Cover The open-plan first storey that engages with nature, while being conducive to entertaining

Ming Architects designed the Cove House in Singapore to have a harmonious relationship with its site and surrounding elements

For many years, an old, dilapidated house sat on this plot of land. This corner unit was unattractive to many buyers, as it’s located next to an arterial road that leads to an expressway. But the current owners, who work in the healthcare industry, saw potential in the semi-detached property, which also features lush greenery on one side that screens the view of the road.

The name of this 4,036sqft abode, “Cove House” stems from the owners’ desire to create a place of respite as well as the plot’s sheltered feel, created by the elevated road’s tall concrete wall, which separates the house from the highway. The abundant foliage merges with the pool to compose a visually soothing tableau.

The owners enlisted Tan Cher Ming, founder of Ming Architects, to work through the challenges of the site and create a peaceful home for them and their young daughter. “The brief was straightforward. They wanted a wide frontage, parking space for three cars, an interior with a high ceiling, a clear view of the pool from the living room, and a large gym in the attic,” says Tan.

The overall building form reflects a raw yet refined construction, supplemented by natural elements.
Tan Cher Ming, founder of Ming Architects

He responded with an open-plan first storey that engages with nature, while being conducive to entertaining. Behind the living area is a customised dining table with a lazy Susan. Its circular form juxtaposes with the long kitchen island, above which hangs an array of modern pendant lights.

“The 3.5m ceiling height further accentuates the spaciousness of this area, together with large, carefully positioned full-height sliding glass panels that let ample daylight into the space,” says Tan.

In the morning, sunlight shines on the turquoise tiles in the pool, reflecting sequin-like patterns onto the walls and kitchen counter as if reminding the family of the water’s presence. Bare concrete walls alternate with the full-length glass doors to frame the views and block out noise from the highway. From the master bedroom, a balcony protrudes over the pool, encouraging an amble out to appreciate nature.

This element is accompanied by another arresting feature—the spiral staircase that sits at the intersection of the dining room and pool. Its curves cut through the transparent glass walls, hovering over the pool and drawing the eye outdoors and upwards. “The sculptural spiral staircase is meticulously inserted between the concrete walls as the main vertical circulatory element. It protrudes from the building not just as a design feature—it also maximises space for the family room on the second storey,” Tan explains. “It’s designed for the occupants to feel as if they are traversing outdoors and being very close to the greenery and water as they enter this circulation space.”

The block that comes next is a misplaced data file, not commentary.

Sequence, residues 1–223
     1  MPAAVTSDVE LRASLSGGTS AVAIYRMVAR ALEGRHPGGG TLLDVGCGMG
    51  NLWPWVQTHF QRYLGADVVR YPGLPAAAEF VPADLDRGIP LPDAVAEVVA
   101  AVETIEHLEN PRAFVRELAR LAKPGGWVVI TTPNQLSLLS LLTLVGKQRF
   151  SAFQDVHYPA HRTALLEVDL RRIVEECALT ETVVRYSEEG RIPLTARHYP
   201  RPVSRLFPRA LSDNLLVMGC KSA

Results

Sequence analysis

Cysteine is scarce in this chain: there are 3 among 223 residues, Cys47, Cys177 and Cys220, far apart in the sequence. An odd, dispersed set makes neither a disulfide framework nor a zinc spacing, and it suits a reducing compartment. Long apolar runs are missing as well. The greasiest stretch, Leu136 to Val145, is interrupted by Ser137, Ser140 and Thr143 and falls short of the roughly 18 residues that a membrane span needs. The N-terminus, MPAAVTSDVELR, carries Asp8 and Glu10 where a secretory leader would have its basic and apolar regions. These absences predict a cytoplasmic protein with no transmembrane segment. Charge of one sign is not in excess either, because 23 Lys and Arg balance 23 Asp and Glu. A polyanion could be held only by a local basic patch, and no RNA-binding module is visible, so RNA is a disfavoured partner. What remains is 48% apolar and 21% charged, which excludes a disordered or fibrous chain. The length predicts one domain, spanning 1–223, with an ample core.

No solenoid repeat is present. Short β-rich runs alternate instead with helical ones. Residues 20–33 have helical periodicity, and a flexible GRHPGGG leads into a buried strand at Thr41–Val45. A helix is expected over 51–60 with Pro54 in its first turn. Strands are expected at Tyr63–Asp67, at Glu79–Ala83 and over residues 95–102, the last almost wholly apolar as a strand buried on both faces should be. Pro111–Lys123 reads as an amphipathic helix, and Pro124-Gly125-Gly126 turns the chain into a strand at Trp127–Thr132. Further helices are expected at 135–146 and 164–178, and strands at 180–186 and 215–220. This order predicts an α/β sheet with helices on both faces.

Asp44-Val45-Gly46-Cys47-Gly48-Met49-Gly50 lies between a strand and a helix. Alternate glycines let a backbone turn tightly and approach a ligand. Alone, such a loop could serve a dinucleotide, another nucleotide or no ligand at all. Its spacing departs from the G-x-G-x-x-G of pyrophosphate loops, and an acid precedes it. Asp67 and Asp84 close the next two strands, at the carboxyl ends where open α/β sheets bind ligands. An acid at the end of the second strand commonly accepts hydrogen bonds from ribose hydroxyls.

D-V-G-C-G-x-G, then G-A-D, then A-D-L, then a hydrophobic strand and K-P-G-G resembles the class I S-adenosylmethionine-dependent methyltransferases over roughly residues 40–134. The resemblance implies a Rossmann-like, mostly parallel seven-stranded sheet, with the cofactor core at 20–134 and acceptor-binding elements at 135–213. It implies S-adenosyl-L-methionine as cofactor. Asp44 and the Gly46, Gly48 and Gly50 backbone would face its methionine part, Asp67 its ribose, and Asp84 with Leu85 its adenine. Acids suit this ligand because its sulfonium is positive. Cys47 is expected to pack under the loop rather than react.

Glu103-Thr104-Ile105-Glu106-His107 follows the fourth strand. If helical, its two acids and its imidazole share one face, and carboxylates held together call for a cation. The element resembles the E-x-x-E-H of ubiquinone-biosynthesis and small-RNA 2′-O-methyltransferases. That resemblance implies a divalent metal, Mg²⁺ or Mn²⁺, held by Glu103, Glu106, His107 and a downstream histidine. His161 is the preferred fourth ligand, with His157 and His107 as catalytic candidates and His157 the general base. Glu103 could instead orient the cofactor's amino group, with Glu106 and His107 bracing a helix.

A steel trellis with custom glass inserts encloses the staircase, strengthening the structure while doubling as a screen. The pattern throws enchanting shadows inwards under strong sunlight to liven up the streamlined surfaces.

Indoors, Carrara marble floors continue the minimal palette, while oak timber panels conceal the room doors and echo the natural elements of the landscaping. “The over-all building form reflects a raw yet refined construction, supplemented by nature,” Tan explains.

Upstairs, some interior walls are painted while other concrete walls are intentionally left unfinished. An example is the master bedroom and ensuite bathroom, where the light concrete tones contrast with the dark marble. In the attic gym, where the husband spends time working out, the concrete wall alternates with glass panels to evoke a strong, masculine feel.

Throughout the home, Tan designed the joinery to sport a similar monolithic quality. Yet within this simplicity, rich textures abound. Running one’s hand over the surface of the kitchen island, one feels the subtle unevenness of the leathered Pietra Grey marble. In the powder room, the same marble is smoothened into a standalone washbasin and encased in vertically striped solid oak panels.

In order to retain the view of the greenery, Tan created a half-height console in the master bedroom. Here, Pietra Grey marble merges with slender electroplated stainless steel shelves and a Fenix finish. “While the joinery evokes a monolithic quality, it is designed to complement the house’s architectural language,” says Tan.

The owners, who have uncomplicated tastes, definitely appreciate the house’s design; the project took two years to complete. “They enjoy the connection between the indoor and outdoor spaces, but most importantly, the off-form concrete—together with the thicker glazing—works effectively to resolve their concerns about the harsh traffic noise,” shares Tan, looking at his work with pride.

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